Can AI be an "inventor" under the Patent Act 2013?

By Guy Tompkins
and George Easton

13 Jun 2023


A recent High Court decision in Thaler v Commissioner of Patents(1) held that an artificial intelligence (AI) system is not an "inventor" so cannot be the owner of a patent under New Zealand's Patents Act 2013 (the 2013 Act). 

The issue arose as a result of "test case" proceedings pursued by Dr Stephen Thaler. Thaler developed an AI system referred to as the "Device for the Autonomous Bootstrapping of Unified Sentience" (Dabus) which, in turn, produced a design for an interlocking food container. Thaler applied to New Zealand's commissioner of patents to acquire a patent for the container, naming Dabus as the inventor. The commissioner rejected the application on the grounds that only a natural person can be an "inventor" for the purposes of the 2013 Act. Thaler appealed this decision to the High Court.(2)

The New Zealand application (and proceedings) was part of a global campaign by Thaler to test the application of existing patent law to AI across various jurisdictions. By the time of this proceeding, several courts in other countries had decided that AI could not be the inventor named on patents.(3)




Thaler relied on a change to the definition of "inventor" in the 2013 Act, which replaced "the person" with "actual and first deviser". Thaler argued that the new legislative definition was "person independent". While the purpose of amending the definition was to prevent importers from qualifying as inventors, Thaler argued that, as now defined, an "inventor" could include non-humans and still be consistent with the intention of the legislation to encourage and support innovation.(4) Alternatively, Thaler requested that he be permitted to amend the application to identify himself as the inventor with a derived title because "the invention was autonomously generated by the actual deviser of the invention, DARBUS [sic], which was invented by Dr Thaler".(5)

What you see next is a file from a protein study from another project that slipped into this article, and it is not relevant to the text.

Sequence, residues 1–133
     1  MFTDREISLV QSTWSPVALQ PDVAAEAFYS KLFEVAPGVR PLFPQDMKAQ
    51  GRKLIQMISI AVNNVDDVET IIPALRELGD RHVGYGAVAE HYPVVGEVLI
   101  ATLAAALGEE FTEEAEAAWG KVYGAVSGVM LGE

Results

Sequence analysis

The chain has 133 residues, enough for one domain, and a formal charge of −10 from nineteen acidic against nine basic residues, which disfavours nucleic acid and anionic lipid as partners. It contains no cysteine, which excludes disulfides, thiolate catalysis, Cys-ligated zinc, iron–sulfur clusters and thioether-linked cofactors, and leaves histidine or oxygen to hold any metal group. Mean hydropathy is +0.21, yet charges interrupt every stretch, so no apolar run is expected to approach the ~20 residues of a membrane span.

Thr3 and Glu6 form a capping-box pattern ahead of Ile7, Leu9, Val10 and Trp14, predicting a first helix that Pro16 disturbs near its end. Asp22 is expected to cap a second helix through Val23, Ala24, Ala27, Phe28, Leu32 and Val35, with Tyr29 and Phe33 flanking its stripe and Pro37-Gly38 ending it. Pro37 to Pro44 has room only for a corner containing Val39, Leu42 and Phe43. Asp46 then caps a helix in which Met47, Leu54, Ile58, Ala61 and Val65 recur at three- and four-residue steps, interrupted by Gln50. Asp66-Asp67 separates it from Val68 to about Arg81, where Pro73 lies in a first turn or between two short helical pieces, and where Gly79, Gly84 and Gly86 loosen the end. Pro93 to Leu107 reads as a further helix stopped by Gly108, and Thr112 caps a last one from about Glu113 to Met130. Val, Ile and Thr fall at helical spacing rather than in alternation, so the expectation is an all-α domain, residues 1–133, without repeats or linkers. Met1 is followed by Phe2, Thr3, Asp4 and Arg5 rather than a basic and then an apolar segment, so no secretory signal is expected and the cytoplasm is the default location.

The commissioner argued that the change in definition of "inventor" in the 2013 Act did not indicate that Parliament had intended to remove the requirement that an inventor be a natural person, and that the legislative scheme required personhood.




Palmer J approached the issue solely as a question of statutory interpretation, avoiding discussion on the policy and legal implications arising from the exponential development of AI. Applying section 10 of the Legislation Act 2019, the meaning of "inventor" was ascertained to have regard for the purpose of the 2013 Act and the immediate and general legislative context.(6)

The Court acknowledged that there was an apparent disjunct in the 2013 Act, because it required that the "applicant" for a patent be a person but did not expressly require that the "inventor" also be a person. In contrast, previous legislation had referred to the personhood of the inventor, as did regulations that required details such as name, address and nationality.

Palmer J reviewed the history of New Zealand patent legislation. Overall, the legislative history "lean[ed] in favour" of requiring inventors to be natural persons.(7) Perhaps unsurprisingly, neither the parliamentary debate nor the legislative history surrounding the amended definition of "inventor" in the 2013 Act explicitly addressed whether an inventor must be a natural person, or indicated that the purpose of redefining "inventor" was to allow for patentable AI inventions. To the contrary, the parliamentary bills and explanatory notes to the 2013 Act had referred to patents being granted to "a person".

For these reasons, the Court was not satisfied that it was appropriate to apply statutory interpretation principles to extend patent protections directly to non-natural AI in circumstances where there was no clear evidence that this had been Parliament's intention.(8)